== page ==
Published: January 14, 2014
Homosexual sex is illegal in Nigeria, where in some states ruled by Islamic law gay people can be legally stoned to death. Still, the government in recent weeks has decided to crack down on gay Nigerians both harshly and in secret, arresting dozens of suspected gay men in the country’s north and signing into law a sweeping measure that punishes gay marriage and even the formation of gay associations or clubs with as many as 14 years in prison.
News of the country’s strict new antigay law, called the Same Sex Marriage Prohibition Act, was reported on Monday by The Associated Press, which said that its passage had been “shrouded in secrecy.” A copy of the law obtained by The A.P. was signed and dated by President Goodluck Jonathan on Jan. 7 and had been signed and dated by lawmakers nearly a month earlier, on Dec. 17. Neither the president’s office nor the National Assembly was known to be considering the measure, and neither made an announcement to mark its passage.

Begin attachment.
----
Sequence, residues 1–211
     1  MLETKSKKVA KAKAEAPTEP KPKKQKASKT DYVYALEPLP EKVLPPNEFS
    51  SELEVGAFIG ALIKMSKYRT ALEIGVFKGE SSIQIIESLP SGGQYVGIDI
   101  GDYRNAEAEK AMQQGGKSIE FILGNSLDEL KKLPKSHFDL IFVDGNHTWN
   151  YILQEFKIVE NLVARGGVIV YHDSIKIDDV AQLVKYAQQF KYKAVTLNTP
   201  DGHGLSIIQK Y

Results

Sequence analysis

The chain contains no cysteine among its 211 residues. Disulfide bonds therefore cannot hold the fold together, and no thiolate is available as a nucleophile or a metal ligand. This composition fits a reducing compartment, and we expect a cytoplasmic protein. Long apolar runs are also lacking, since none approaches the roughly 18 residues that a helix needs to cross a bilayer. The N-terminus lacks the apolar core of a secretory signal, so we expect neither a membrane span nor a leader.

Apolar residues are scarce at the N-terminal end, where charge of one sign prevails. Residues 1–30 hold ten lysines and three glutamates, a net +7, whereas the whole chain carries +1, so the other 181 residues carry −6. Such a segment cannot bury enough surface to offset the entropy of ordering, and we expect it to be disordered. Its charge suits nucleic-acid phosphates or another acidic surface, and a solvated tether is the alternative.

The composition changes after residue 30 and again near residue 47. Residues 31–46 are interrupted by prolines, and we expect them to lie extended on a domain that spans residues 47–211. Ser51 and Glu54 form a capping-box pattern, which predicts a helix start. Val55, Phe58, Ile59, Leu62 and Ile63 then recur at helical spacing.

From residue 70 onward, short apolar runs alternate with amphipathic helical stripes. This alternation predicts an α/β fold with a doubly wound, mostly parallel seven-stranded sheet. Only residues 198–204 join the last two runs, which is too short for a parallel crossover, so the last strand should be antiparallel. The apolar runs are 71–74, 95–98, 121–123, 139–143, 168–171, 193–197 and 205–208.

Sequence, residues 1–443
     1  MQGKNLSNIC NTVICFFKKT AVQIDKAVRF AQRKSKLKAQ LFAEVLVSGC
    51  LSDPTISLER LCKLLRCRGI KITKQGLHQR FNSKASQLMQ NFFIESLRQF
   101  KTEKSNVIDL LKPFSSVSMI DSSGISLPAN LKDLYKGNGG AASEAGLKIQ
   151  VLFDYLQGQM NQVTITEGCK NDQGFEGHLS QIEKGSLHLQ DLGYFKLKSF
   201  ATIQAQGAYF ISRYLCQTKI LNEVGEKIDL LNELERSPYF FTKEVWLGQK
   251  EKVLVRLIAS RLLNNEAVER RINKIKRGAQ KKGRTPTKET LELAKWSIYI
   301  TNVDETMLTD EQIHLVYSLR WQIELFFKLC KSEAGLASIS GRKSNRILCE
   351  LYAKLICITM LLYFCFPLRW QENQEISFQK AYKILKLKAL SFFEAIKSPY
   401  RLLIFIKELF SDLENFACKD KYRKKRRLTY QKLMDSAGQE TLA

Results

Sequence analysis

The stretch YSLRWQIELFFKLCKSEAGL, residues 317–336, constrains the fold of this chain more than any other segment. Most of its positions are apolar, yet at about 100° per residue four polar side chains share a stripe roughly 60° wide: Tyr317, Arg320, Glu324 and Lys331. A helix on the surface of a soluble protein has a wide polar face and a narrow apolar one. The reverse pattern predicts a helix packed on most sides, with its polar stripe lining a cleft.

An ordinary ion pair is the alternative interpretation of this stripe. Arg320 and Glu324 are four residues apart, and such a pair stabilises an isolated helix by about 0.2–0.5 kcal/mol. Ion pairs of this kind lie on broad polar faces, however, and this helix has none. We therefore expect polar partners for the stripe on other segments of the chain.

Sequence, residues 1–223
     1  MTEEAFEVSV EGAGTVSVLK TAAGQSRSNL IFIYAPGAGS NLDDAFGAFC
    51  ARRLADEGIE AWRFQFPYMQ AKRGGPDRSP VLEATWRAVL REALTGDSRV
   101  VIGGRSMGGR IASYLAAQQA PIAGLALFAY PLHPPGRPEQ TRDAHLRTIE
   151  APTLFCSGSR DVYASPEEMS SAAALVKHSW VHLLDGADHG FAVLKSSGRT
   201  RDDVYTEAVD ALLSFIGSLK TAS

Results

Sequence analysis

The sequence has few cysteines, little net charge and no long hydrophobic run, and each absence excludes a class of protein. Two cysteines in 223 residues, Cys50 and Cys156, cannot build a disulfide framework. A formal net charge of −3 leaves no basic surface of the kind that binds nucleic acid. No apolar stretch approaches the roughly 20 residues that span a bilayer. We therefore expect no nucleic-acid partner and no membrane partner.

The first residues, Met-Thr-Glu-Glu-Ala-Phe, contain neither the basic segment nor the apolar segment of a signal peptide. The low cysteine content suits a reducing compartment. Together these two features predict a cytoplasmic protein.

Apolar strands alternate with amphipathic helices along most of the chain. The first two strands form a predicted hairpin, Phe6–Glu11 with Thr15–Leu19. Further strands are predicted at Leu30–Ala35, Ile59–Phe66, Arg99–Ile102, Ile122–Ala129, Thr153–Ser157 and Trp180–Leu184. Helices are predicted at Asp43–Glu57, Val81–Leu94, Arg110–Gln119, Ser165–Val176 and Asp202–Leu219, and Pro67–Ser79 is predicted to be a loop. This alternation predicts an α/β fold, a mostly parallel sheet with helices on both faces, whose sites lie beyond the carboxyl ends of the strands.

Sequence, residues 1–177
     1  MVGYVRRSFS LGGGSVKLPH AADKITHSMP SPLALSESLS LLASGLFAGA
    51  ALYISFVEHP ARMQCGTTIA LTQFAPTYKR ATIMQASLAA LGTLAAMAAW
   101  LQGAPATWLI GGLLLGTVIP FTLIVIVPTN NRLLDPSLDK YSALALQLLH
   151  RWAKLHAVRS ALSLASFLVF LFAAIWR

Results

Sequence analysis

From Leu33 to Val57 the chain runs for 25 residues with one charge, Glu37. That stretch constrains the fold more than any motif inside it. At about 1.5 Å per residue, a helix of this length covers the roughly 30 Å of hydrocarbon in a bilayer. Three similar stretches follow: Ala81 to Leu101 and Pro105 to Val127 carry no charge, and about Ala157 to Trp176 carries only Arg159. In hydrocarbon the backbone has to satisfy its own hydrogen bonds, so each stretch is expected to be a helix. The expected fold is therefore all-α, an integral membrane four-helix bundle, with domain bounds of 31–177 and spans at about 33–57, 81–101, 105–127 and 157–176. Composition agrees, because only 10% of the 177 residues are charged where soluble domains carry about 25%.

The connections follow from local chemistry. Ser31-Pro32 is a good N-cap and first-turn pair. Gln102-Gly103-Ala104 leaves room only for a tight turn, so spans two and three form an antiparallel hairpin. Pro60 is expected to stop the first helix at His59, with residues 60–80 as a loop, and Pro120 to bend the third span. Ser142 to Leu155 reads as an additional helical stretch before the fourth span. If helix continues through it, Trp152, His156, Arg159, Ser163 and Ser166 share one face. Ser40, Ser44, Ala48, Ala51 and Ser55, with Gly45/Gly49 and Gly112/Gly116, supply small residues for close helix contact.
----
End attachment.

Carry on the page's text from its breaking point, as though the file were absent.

On Tuesday, The Associated Press reported that the police in the northern state of Bauchi had arrested 38 suspected gay men since Dec. 25. The report said the police appeared to be working from a list of 168 suspects whose names they obtained after they reportedly entrapped and arrested four gay men several weeks earlier and tortured them into naming other gay people they knew in the area. The report was attributed to two human rights organizations in the state as well as the government body that implements Islamic law in the area, which said that 11 arrests had been made in the last two weeks but denied the use of torture.
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